The Headless Horseman, of course, is a major character in “The Legend of Sleepy Hollow.” But the ghostly rider—and, especially, his head—also symbolize the tension between reality and imagination, between the natural and the supernatural, held by many of the townspeople. The Horseman is fixed in historical fact: there were, indeed, many Germans or “Hessians” hired by the British to fight against the American army during the Revolutionary War. Indeed, though the townspeople’s stories about the Galloping Hessian may be ghost stories, it hasn’t been long since a real Hessian rider (one alive and with a head) could provoke fear in them for good reason—as the enemy. By becoming headless, the horseman can become nestled within society’s cultural and imaginative traditions, even while remaining based in history.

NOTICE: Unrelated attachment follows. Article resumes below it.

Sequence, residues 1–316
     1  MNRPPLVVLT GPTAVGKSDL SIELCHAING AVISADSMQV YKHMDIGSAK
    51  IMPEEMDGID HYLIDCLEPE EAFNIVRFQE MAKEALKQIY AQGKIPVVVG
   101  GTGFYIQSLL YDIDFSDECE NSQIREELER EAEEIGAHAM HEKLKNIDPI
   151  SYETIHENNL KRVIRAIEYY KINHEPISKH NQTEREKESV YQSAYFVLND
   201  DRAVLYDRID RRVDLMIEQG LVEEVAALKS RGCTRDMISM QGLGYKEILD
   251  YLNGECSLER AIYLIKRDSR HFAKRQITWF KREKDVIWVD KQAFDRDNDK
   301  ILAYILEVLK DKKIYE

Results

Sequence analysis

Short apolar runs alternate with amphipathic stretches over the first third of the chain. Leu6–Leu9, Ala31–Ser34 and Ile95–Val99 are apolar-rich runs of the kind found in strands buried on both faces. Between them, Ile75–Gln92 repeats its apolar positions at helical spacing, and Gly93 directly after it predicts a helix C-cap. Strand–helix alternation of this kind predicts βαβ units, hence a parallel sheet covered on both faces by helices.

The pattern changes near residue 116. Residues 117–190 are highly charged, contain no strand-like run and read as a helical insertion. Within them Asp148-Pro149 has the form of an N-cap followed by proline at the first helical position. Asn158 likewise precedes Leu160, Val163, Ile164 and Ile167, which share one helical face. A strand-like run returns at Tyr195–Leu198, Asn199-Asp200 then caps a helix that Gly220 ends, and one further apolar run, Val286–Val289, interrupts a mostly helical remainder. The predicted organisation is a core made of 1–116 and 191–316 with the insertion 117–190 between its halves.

But in other ways, the horseman symbolizes Ichabod’s less defensible inability to separate fiction and fact. Indeed, it loses its head just as Ichabod, more metaphorically, loses his each time he returns home spooked by the Dutch ghost stories. Brom Bones takes advantage of this lack of reason. Brom uses his head—both intellectually in plotting and strategizing, and practically in hurling a “head” at Ichabod.